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Online Shopping Addiction and the Epidemic: Here’s How 2 Women Quit

“At the time banana bread started getting really popular, I started pressing the buy button a lot, buying things I wouldn’t normally think of,” said Emily Wang, a Los Angeles-based lifestyle content creator.

“I was using retail therapy to feel better because I can’t get my hair or lashes done right now,” the 27-year-old said. Wang, who was isolating with her fiancé and two dogs, began buying a ton of workout apparel, which often had “five tabs open from five different brands.”

The shopping spree, she said, came in waves.

“I’m not seeing people right now, so the excitement of trying something new gives me satisfaction,” Wang said. But this only lasted for a while.

“I started thinking, ‘Maybe I didn’t really need this,'” she said. “I’m making a lot of comebacks.”

Emily Wang in workout gear from a recent online shopping spree.

When we buy a new bag or ballet flats, we often curate more than a look. We are approaching a person that we associate with particular items or a style in general. One of the first academics to write about fashion, Roland Barthes, in his 1967 book, discussed the phenomenon as a fetish, or representation of desire, “the language of fashionToday, when we shop online for the perfect outfit — in quarantine no less — we’re tapping into a greater sense of connection, an imagined future.

Priya Alpern, a clinical psychologist in New York told HuffPost that online shopping “can provide satisfaction.” Control and mastery are needed at a time when many of us are feeling stuck, helpless and uncertain about the future.”

“Finding an exciting deal activates the reward and pleasure center of the brain, eliciting a sense of satisfaction that at least temporarily alleviates the uncomfortable feelings that many people are dealing with right now,” Alpern said. said.

Many online retailers are relying on the fact that consumers crave the self-esteem boost that can accompany a new pair of shoes, especially if they’re billed as a flash sale or part of a limited fall. is done.

E-commerce sites like Zaful and Sheen infiltrate social media feeds, where, according to a report published by management consulting firm McKinsey & Company, Strategies include “enhancing digital platforms, shifting from brand building to customer activation, specifically targeting basket creation and repurchase triggers.” Although it is too early to calculate The impact of the pandemic on the $600 billion fashion industry, the report predicted that 75% of apparel companies in North America would find themselves in debt. To offset some of the losses, expect a boom in e-commerce marketing, as fast fashion tries to make up for its losses.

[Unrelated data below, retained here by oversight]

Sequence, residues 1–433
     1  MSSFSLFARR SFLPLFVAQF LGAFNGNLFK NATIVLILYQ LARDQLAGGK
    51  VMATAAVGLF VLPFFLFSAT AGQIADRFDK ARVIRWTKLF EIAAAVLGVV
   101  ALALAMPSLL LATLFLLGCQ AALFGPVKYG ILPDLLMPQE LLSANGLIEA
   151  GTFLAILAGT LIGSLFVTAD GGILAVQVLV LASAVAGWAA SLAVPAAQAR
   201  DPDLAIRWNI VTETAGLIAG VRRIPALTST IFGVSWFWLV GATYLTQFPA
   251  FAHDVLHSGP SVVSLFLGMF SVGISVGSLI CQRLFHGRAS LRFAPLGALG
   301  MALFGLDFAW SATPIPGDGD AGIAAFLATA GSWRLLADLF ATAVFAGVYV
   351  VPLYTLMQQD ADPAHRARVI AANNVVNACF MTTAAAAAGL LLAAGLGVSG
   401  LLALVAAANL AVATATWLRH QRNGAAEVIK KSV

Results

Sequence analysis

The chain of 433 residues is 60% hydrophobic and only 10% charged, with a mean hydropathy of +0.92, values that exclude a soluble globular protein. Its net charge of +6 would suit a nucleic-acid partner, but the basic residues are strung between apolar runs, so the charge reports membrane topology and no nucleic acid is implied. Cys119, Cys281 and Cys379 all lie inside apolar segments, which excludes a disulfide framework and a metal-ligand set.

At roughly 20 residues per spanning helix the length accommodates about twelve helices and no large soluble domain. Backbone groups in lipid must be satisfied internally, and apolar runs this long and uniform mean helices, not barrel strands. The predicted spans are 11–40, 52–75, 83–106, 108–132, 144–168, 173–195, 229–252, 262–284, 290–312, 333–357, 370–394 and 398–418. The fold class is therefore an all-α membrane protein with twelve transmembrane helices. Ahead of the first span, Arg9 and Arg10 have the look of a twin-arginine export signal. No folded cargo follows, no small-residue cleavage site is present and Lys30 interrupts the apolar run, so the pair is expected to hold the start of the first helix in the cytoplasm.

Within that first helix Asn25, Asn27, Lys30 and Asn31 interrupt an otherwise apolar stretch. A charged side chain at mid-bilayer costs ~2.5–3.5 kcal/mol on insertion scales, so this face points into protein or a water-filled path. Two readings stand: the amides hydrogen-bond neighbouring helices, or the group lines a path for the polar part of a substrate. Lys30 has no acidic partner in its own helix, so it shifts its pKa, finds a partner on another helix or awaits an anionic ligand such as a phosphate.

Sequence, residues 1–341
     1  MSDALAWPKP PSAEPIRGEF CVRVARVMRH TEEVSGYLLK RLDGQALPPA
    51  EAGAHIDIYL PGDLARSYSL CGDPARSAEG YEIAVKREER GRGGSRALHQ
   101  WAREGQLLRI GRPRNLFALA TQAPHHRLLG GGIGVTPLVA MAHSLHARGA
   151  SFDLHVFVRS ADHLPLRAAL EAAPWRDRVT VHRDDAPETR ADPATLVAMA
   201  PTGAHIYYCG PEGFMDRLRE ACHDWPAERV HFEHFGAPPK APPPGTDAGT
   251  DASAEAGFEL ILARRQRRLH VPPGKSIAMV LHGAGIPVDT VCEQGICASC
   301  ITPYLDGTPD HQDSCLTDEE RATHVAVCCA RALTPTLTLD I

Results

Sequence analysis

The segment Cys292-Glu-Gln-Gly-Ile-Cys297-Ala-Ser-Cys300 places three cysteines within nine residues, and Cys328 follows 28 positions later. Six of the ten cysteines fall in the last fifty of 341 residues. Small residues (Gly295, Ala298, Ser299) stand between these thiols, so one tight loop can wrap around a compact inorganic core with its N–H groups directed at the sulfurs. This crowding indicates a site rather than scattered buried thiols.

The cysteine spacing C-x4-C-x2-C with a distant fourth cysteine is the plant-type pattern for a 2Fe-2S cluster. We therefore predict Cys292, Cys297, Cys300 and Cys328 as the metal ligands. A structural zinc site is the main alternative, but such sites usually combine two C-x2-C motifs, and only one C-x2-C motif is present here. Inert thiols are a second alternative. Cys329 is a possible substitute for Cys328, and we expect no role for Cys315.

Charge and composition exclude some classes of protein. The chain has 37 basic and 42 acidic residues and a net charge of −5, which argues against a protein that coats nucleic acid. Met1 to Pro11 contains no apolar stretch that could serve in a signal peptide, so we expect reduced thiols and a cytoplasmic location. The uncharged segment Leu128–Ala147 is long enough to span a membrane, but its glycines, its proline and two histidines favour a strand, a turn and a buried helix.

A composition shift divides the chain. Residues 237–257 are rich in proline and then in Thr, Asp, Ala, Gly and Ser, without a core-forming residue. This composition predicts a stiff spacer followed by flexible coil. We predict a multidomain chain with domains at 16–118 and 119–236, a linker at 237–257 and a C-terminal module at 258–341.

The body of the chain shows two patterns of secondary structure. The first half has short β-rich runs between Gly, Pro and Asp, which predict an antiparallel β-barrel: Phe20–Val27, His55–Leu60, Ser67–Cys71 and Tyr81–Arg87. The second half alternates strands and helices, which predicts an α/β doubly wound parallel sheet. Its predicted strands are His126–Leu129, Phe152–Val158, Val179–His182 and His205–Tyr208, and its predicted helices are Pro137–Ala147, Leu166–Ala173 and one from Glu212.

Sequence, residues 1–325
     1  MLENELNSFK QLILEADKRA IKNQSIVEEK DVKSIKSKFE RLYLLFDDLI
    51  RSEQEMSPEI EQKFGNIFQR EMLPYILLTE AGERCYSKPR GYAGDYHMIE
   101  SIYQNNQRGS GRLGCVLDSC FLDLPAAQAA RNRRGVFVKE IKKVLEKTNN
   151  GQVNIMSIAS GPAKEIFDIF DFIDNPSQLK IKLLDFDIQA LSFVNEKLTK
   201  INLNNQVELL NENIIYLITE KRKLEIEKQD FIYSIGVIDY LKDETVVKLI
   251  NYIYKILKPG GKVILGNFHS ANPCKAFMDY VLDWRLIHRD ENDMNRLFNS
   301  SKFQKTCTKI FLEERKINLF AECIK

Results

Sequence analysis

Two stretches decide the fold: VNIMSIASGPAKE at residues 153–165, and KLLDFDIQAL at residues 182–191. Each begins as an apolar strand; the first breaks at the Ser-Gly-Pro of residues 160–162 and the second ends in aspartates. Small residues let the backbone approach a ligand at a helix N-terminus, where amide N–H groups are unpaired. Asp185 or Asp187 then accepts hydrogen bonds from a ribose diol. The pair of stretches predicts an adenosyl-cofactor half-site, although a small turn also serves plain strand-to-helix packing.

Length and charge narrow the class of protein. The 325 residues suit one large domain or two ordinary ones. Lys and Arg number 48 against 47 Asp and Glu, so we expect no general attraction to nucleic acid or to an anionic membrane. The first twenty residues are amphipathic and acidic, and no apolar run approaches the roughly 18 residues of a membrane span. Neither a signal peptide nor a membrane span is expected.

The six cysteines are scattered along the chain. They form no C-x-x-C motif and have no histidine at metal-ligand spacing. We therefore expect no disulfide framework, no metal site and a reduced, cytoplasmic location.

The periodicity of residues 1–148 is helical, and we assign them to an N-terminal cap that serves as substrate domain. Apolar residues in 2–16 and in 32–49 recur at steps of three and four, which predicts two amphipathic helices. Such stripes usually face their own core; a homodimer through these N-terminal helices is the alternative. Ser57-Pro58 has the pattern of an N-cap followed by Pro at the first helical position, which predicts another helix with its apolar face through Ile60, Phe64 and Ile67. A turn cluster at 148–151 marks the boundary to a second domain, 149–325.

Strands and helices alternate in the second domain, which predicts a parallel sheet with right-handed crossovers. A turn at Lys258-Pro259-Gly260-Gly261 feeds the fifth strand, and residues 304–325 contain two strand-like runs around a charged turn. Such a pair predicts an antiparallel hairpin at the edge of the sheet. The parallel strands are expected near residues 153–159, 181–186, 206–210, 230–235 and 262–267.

According to fashion psychologist Jayme Albin, mere exposure can be very powerful. When we see a fashion ad on social media, “over time it creeps into our minds,” he told HuffPost.

“Especially with COVID, we are at home and most of our time is spent on the internet or with our devices,” he said. “Two years ago, we wouldn’t have bought from a brand we’d never heard of, where we couldn’t touch or try. Now, it has become the new normal.”

As pervasive as these new shopping habits may be, so is conscious consumption – which can help those whose pandemic shopping has spiraled out of control.

,[I depersonalized] algorithms so I no longer see ads suggesting fast fashion. By constantly selecting the ‘Not Interested’ button, I’ve been able to reduce these ads.”

– Dalyth Phillips

,Instagram, Snapchat and other social media are so consumerism-focused,” Dalyth Phillips, 16, of New York, told HuffPost.

“These apps were constantly popping up ads based on things I showed interest in,” she said. Rather than prompting her to buy, these ads ended up “creating a sense of shame” for buying fast fashion in the past.

“I decided to take a behind-the-scenes look at these brands and examine their ethics, looking at the impact on workers in the supply chain, on wildlife and deforestation,” she said. “The further I delved into the statements of these companies, the more I found euphemisms and double-speak.”

Delyth Phillips is wearing a dress she made herself.

Courtesy of Dalyth Phillips

Delyth Phillips is wearing a dress she made herself.

With many social, environmental and ethical concerns to wean themselves from the online shopping habit, Philips created a digital detox specifically designed to stop bargaining.

“I started by removing all shopping apps like Urban Outfitters, Forever21, Dot, and Sephora,” she said. She then set out to “modify the algorithm so that I could no longer see commercials suggesting fast fashion.”

“By constantly selecting the ‘Not Interested’ button, I’ve been able to reduce these ads,” she explained. “Eventually, I unsubscribed from all the mailing lists that recommended me fast fashion, unfollowed models, and brands. Within a week, I started seeing results.”

Philips now calculates the cost of an item based on price, wearability, and “future memories that I will be bound by these clothes.” She has become devoted to “slow consumption” and wants to use her “voice to tell others what’s going on behind the clothes they wear.”

People are socially distant, but not in a vacuum – our style shopping still says something about who we are.

“Influencers are used to making choices about whether or not to buy something,” Wang said, noting that the trend is becoming popular with her friends who aren’t influential. “Now, I’m trying to find a balance, making sure that the purchase will not only make me happy, but that the brand aligns with my values.”

Whether awake consumerism is a fad or a tipping point remains to be seen. As people face quarantine fatigue and myriad uncertainties, they are also seizing the chance to reflect on what their shopping clothes say about who they are and aspire to be.

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